One by one the official went through the documents. Thankfully we had used the correct list. By the end of our meeting Ana Maria was called in and a few changes were necessary:
Conversation ended, I went downstairs to figure out how I could make corrections to my official entries and departures list. (While I did that, Ana Maria officially cancelled the appointment we just had so we did not lose the money we paid for the appointment- it was nice we could do that.) Turns out Migraciones had three different names for me: with and without my middle name, with and without my mom’s maiden name, and with an additional last name of Ley. Who knew? We performed the necessary paperwork to join all three records together. Now my first entry into Peru is listed as 1996. At least I think it has been changed- they would not show me the change on the computer screen. By the way, I still have no personal documents with my mom’s maiden name.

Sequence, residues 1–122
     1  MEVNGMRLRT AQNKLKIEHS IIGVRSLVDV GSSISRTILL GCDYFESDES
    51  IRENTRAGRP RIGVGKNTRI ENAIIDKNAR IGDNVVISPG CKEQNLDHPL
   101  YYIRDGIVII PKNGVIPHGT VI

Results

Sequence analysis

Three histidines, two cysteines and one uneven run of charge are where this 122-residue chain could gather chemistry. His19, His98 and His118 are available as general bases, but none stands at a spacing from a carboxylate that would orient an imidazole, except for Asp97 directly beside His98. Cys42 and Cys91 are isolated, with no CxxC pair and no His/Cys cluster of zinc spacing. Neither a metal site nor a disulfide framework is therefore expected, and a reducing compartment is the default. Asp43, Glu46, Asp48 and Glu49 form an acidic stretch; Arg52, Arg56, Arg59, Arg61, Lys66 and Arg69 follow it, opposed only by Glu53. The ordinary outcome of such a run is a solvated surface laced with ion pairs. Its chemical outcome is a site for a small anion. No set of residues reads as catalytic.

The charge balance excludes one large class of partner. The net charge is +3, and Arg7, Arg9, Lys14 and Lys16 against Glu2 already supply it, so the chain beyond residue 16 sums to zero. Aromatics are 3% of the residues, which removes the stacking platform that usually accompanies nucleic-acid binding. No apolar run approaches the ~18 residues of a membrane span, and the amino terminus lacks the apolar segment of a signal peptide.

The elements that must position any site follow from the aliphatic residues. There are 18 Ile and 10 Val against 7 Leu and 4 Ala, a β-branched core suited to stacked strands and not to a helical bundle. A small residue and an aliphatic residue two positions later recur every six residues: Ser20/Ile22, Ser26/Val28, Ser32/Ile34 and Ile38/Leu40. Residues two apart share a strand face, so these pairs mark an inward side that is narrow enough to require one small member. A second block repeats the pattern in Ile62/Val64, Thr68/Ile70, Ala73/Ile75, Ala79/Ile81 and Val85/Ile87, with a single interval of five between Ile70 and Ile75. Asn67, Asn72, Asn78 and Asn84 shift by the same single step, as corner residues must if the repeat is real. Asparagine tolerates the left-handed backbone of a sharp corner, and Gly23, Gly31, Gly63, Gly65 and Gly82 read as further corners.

The part about certifying Ana Maria’s official certificate requires no comment. What could I possibly add to certifying an official certificate? It only requires 10 working days and a return trip to RENIEC.
As for the marriage license, back in 2000 when we married, the official filling out the paperwork for the marriage license insisted in putting a second last name. Both Ana Maria and I protested because I have no document that has my mom’s maiden name. The official really insisted and added the name from my birth certificate. Now we have to request the original paperwork from the town where the civil ceremony was held… which is easier than requesting a birth certificate from Minnesota.
If all of this takes longer than a month I will have to begin again at INTERPOL because that document is about to expire. I think our official copy of the marriage certificate already expired; it’s only valid for one month.
A big thanks to Ana Maria who has done most of the work to get me citizenship! Happy Thanksgiving!!
The president of Peru has declared 2017 El año de buen servicio al ciudadano. That means, the year of good service to the citizens. What might a year of bad service look like?